Pressing responsibilities: How to operate power presses safely
Tags: workplace safety

Mechanical power presses are used to punch, shear, form and assemble metal parts for automobiles, doors and windows, and a variety of other products. Precisely because of their ability to cut through hard objects, they can be hazardous to anyone operating them, if proper precautions are not taken. In fact, the Occupational Safety and Health Administration calculated that power-press accidents cause about 650 amputations per year. Statistics for amputations were so high in metal-working industries compared to other manufacturing businesses that, several years ago, OSHA developed a National Emphasis Program to target power press safety for special enforcement and education activities.


“Operating a mechanical power press can be extremely dangerous,” said Greg Watchman, the acting head of OSHA at the time. “Yet injuries are preventable when employers ensure that guards, which have long been required and are readily available, are installed and maintained on presses in order to protect workers against the punching action of metal stamping equipment.”


Guarding against danger

If your employees work with power presses, they face the greatest danger of injury at the point of operation where the stock is inserted, held and withdrawn by hand. That is why effective machine guarding is crucial for keeping hands, arms or other parts of the body from making contact with dangerous moving parts.


OSHA considers any opening that is more than a quarter-inch wide to be big enough to cause an injury. These openings must be guarded with barrier guards, two-hand tripping devices or electronic safety devices. To prevent injuries, your power press safeguards should:

  • Be secure so employees can't easily remove them.
  • Be sturdy and in good condition.
  • Provide protection against falling objects that could land in the machine and then fly out as dangerous projectiles.
  • Have no sharp edges that could cause injury.
  • Not interfere with the work.
  • Allow for safe lubrication without having to remove safety guards first.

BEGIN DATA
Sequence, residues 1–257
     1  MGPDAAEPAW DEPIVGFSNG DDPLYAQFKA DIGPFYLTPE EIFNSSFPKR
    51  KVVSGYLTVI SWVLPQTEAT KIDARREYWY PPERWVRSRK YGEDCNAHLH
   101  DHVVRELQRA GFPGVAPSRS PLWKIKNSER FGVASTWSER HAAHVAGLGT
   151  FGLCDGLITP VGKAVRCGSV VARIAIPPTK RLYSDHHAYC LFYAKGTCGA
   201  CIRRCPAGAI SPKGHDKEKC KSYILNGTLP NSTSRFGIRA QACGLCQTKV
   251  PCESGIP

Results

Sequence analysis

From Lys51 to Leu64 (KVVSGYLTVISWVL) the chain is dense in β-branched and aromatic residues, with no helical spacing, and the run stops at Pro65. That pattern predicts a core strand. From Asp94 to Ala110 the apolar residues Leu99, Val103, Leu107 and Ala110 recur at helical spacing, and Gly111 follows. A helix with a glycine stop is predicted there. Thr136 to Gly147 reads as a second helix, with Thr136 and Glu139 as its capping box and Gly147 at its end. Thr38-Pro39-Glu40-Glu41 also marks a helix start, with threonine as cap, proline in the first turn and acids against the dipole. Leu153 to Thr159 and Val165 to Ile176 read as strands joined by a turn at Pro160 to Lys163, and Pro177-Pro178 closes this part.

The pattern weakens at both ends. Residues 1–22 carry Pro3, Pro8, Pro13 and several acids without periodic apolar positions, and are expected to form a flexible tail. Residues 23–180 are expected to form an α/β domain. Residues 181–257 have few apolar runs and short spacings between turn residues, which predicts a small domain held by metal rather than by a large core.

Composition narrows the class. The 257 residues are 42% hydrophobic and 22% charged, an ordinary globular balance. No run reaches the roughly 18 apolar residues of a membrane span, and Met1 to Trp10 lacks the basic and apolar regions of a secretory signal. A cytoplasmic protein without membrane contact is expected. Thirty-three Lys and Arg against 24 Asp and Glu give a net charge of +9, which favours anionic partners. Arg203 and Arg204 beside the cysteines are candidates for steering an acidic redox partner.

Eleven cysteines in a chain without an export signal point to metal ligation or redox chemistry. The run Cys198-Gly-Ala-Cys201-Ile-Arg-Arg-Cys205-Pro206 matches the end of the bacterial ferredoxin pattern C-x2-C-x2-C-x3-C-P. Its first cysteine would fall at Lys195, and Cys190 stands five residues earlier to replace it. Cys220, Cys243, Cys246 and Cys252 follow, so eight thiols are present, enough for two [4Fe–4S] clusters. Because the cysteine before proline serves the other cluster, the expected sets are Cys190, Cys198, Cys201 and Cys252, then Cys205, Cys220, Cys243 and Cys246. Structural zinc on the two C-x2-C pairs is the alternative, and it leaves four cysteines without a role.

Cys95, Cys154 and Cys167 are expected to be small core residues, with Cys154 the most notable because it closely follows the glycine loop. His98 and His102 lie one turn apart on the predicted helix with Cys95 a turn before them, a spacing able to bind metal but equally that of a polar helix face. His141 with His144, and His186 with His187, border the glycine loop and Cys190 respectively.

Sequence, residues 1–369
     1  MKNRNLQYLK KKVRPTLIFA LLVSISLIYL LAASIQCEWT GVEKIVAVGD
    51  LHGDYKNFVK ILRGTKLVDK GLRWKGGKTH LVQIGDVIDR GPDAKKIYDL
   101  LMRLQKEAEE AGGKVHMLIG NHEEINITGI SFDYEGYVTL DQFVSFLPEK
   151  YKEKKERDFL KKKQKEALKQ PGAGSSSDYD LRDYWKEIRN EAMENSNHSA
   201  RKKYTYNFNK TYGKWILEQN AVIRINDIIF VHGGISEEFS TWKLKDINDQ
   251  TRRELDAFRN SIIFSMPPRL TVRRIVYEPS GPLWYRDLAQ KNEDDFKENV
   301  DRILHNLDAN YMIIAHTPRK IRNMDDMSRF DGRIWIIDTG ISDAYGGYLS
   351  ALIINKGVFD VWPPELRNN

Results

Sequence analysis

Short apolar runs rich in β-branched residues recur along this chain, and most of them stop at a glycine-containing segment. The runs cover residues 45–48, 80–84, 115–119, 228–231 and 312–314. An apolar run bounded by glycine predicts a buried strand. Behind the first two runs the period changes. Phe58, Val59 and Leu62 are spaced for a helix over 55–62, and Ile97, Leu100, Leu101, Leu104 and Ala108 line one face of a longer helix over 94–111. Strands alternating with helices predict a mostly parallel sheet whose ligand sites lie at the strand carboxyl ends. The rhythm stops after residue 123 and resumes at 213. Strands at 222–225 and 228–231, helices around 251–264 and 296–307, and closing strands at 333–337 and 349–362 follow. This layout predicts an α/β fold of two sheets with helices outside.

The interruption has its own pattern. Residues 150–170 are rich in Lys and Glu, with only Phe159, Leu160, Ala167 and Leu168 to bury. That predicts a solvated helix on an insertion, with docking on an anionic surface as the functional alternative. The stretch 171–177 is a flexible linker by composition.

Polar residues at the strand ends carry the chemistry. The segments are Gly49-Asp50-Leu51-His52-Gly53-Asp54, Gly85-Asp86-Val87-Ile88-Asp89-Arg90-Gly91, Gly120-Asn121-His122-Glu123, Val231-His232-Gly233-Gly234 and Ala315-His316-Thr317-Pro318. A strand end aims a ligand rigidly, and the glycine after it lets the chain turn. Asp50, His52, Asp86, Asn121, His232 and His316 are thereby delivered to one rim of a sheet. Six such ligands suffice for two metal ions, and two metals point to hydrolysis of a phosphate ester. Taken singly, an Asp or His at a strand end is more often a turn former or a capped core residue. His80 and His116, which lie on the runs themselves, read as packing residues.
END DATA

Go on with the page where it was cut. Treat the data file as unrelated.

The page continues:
If your machine guards fail any of the above tests, the power press should not be used until an appropriate guard can be purchased or fabricated.


Supervisory responsibilities

Besides being responsible for safety guards, pressroom supervisors must:

  • Check each setup and make sure the operator knows how to run the press safely before beginning work. 
  • Observe operating procedures and make sure they are followed correctly.
  • Make sure that proper maintenance procedures are followed and that the presses are repaired, when necessary, prior to being used.

You or your maintenance personnel should also conduct regular inspections and maintenance procedures on the power presses, including:

  • Weekly inspections of the clutch/brake mechanism, anti-repeat feature and single-stroke mechanism.
  • Periodic in-depth inspections.
  • Visual inspection of each pullout device or restraint used on a power press (rechecks should occur at the beginning of each shift, following a new die set-up, and whenever operators change).

Training is crucial

The most important element in eliminating accidents is to make sure that workers are properly trained before they are allowed to operate presses. They should receive training on the type of power press they will be using, and they should be able to demonstrate the following proper procedures:

  • How to use all press controls.
  • Where each safety device is located on the machine and how to use it correctly.
  • How to use tools to remove “stuck work” and how to use swabs, brushes or oil cans to lubricate dies and stock.
  • Why, when and how to use personal protective equipment, such as safety glasses, gloves, safety shoes and hearing protection.
  • Where to store parts, tools, die sets, bolster plates and other materials so that they do not present falling hazards.
  • Where possible pinch points with moving components are located.
  • The importance of keeping the work area clean and orderly.
  • Not to operate the press until it has been checked and tested prior to production operations.
  • How to report problems.

When using such potentially dangerous equipment, basic safety rules must be followed carefully. Tell your employees to concentrate on their work, avoid distractions and not to rush. They shouldn't wear loose clothing or jewelry that could get caught in moving parts. If they need to perform maintenance on any power press, they should closely adhere to standard lockout/tagout procedures.


Training tips

After reviewing the training items, show employees exactly how the guarding mechanism prevents them from getting caught up in the power press and why they should not attempt to circumvent the machine guards in any way. Ask employees if the guards are interfering with the work. If they are, find a replacement. Also ask about any other safety concerns involving the machines, discuss recent accidents or near misses, and explain the need for required personal protective equipment. Emphasize to employees that, as the people closest to the presses, they must trust their instincts and shut down and report any machine that doesn’t seem to be functioning correctly. After all, it's their safety that's on the line.


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